In Allan and Vicki Wright’s Samaria Farm essential oils enterprise, their best market is for rosewater and is in Japan. But that presents special problems, not least in getting the product better known there.
At our April meeting they said Japanese women were passionate about their skin and particularly their faces. So the ones who knew about Samaria Farm’s rosewater and lemon oil, liked them because they were organic, Australian and gentle on their skin.
Vicki said she and Allan were the only people in Australia to distil lemons to produce lemon oil. “It will stop your skin burning,” she said.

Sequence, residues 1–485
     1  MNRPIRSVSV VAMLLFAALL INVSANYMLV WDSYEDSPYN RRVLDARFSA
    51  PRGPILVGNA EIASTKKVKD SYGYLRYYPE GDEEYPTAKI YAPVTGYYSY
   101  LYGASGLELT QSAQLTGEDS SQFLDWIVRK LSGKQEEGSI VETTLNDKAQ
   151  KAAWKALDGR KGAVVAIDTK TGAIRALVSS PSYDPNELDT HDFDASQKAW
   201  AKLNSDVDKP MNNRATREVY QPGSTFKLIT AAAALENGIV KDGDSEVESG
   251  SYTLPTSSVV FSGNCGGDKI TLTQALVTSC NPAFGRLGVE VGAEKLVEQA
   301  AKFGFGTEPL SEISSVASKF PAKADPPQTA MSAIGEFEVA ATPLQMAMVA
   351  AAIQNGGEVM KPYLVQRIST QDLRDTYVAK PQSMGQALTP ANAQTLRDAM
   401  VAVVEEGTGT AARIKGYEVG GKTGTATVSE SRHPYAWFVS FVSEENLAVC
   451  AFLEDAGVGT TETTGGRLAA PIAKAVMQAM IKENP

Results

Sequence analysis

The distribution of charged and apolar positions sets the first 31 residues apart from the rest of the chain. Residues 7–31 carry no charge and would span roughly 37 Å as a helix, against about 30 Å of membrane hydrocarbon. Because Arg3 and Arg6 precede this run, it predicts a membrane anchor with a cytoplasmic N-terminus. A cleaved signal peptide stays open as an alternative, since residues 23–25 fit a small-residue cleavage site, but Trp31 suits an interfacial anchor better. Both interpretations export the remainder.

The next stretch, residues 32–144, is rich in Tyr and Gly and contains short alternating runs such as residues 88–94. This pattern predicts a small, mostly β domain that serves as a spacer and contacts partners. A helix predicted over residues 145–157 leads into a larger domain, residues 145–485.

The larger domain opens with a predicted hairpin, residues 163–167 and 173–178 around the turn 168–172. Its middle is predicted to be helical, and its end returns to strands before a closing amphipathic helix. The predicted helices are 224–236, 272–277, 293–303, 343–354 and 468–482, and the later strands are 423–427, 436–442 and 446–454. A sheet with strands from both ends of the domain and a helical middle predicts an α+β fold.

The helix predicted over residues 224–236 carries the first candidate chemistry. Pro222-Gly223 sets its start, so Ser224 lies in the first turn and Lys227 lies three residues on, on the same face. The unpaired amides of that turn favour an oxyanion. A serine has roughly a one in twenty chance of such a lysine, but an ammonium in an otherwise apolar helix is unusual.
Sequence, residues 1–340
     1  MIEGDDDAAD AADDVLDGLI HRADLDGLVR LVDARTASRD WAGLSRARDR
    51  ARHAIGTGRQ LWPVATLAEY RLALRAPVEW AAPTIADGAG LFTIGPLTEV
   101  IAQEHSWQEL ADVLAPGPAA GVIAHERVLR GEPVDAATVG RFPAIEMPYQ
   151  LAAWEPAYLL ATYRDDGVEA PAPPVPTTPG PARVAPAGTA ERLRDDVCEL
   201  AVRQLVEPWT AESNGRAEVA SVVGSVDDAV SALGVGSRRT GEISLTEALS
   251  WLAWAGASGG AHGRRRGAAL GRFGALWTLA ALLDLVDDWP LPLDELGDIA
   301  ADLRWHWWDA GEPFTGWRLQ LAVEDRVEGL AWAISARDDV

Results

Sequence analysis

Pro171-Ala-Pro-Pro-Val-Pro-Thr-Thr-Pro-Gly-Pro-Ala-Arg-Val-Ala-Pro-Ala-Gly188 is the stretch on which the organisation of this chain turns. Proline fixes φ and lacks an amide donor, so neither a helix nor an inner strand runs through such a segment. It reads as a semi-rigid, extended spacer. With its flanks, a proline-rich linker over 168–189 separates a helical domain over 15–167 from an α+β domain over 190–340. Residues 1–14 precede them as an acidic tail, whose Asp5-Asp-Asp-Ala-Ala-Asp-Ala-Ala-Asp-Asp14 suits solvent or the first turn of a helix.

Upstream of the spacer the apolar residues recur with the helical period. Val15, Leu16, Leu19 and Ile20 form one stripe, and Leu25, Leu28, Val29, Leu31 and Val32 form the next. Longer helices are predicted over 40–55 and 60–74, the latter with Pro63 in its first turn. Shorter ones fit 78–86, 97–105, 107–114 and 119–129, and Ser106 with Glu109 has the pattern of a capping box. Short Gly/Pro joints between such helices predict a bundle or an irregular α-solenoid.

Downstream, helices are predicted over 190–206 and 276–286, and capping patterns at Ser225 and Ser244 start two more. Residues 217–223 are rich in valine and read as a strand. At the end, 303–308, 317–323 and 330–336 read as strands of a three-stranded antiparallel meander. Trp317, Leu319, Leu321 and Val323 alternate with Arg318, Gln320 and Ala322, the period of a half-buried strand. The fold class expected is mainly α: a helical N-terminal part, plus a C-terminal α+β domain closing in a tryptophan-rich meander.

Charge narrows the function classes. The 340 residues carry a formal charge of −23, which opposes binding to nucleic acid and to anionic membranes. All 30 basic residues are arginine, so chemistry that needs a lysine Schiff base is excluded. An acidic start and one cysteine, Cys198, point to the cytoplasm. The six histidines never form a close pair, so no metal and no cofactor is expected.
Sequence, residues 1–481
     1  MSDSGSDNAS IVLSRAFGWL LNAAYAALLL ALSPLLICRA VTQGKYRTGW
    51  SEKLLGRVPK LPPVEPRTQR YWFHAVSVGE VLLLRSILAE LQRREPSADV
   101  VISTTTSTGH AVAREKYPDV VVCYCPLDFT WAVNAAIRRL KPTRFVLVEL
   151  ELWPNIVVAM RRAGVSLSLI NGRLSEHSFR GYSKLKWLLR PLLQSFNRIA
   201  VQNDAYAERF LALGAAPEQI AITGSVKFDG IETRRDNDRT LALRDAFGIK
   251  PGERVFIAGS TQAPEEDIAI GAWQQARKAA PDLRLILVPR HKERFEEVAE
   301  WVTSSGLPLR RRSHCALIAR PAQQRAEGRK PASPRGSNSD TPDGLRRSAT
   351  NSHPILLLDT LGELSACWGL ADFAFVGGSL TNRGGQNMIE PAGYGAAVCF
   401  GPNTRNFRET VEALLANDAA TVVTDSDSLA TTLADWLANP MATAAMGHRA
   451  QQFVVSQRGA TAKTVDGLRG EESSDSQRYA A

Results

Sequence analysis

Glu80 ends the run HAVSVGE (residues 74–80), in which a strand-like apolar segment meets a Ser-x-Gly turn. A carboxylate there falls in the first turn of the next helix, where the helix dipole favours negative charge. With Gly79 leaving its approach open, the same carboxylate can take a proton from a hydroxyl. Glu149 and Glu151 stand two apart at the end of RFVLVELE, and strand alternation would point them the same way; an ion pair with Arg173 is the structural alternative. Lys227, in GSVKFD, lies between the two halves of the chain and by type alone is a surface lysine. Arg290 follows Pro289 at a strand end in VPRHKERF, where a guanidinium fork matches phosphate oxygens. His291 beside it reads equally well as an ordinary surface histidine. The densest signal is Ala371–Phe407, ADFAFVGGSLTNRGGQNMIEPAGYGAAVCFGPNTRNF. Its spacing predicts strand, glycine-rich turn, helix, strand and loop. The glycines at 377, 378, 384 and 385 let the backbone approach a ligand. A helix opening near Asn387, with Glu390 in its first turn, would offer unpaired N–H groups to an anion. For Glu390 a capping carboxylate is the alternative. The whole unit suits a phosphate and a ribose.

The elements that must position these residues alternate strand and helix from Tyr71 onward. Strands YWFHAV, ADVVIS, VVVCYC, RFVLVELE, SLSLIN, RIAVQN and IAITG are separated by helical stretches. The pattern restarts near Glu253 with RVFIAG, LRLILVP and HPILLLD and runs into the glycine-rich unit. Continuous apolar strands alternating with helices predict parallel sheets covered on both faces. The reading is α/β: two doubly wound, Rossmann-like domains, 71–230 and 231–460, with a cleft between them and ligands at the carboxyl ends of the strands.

Their farm is 22 acres of red volcanic soil on a hill near Moorngag and is the perfect environment for 400 olive trees, Seville oranges, lemon myrtle trees and most notably, 2000 specially grafted Damascus bush roses.
Vicki said harvesting of rose flowers started at daybreak in late October and ran through November every day until 9am.
Blooms are placed in a stainless steel drum with water which is then heated on a gas ring. The steam generated collects the essential oils in two to three hours to produce 100 to 120ml rosewater. They can then distil that further to produce 3 to 5ml of rose oil worth $100 per millilitre.
But rosewater is the most viable product and half or what they produce they market as a facial mist in Japan, mainly to young women. “But we need to get our brand better known,” Vicki said.
To that end the Wrights will hold a rosewater festival in November on the Samaria property.